Happy 10 years of OpenStack! Millions of cores, 100,000 community members, 10 years of you.
Storytelling is one of the most powerful means to influence, teach, and inspire the people around us. To celebrate OpenStack’s 10th anniversary, we are spotlighting stories from the individuals in various roles from the community who have helped to make OpenStack and the global Open Infrastructure community successful.
Here, we’re talking to Elizabeth K. Joseph from IBM. She tells the community about how she got started with OpenStack and her favorite memory from the last 10 years of OpenStack
How did you get started working with OpenStack and what are you doing now?
I was hired by HP in January of 2013 to help with the OpenStack Infrastructure team. As a Linux Systems Administrator with a background in open source, I was a good fit for the team, in spite of being largely unfamiliar with OpenStack when I began.
Today I’m working for IBM on mainframes (IBM Z), but that doesn’t mean I’ve left OpenStack entirely behind! OpenStack is used by some of the teams I work with now to deploy virtual machines on mainframes, and I’m also involved with the Open Mainframe project, which has the Feilong project, which “allows IaaS/PaaS solutions such as OpenStack™ or Terraform to consume z/VM by providing REST APIs.”
What is your favorite memory from the last 10 years of OpenStack?
I’d have to say the team camaraderie that I felt at the OpenStack Summits, especially in Tokyo in 2015. We were solving some tricky problems at the Design Summit during the day related to configuration management, and then having a wonderful time enjoying the company of each other in the evenings. Many of the friendships forged through working together on the project and bonding at events are ones I still hold dear today.
How did you contribute to the OpenStack community?
I was a core member of the OpenStack Infrastructure team. In that role, I worked on the Continuous Integration system, and the supporting project tooling, including everything from the Git cluster to team mailing lists.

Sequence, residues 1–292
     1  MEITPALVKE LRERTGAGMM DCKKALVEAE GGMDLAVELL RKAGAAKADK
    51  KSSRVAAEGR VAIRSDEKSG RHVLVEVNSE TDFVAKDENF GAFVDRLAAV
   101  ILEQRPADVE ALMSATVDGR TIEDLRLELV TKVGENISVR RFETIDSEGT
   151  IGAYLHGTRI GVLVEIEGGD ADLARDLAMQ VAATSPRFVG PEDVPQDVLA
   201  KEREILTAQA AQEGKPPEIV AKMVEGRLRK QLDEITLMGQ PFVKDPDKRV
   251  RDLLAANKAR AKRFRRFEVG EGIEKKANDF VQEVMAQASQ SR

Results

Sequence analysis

My experience with testing OpenStack so regularly and helping developers debug issues meant that I got very familiar with OpenStack usage. I also spent a lot of time with users and operators in our community. In 2016, my book “Common OpenStack Deployments” came out.
What advice do you have for the Stacker community and other growing open source communities based on your experience with OpenStack?
It can be intimidating to get involved with a project, especially one with a high profile like OpenStack or Kubernetes, but know that we’re all a bit scared at first. Acknowledge that fear, and make your contributions in spite of it. These big open source projects are full of amazing, welcoming people, and you’ll find your place.
If I were to ask you in 2030, what do you think the OpenStack update will be?
There are many solutions out there handling containers and microservices, but the whole open source ecosystem around virtual machines is still ubiquitously OpenStack. My hope would be that it would continue to be the gold standard for open source virtual machine fleet management and that an update in 10 years would include the various vendors who were supporting OpenStack standards on their platform.
If you’re interested in being featured to tell your stories about OpenStack, please email [email protected].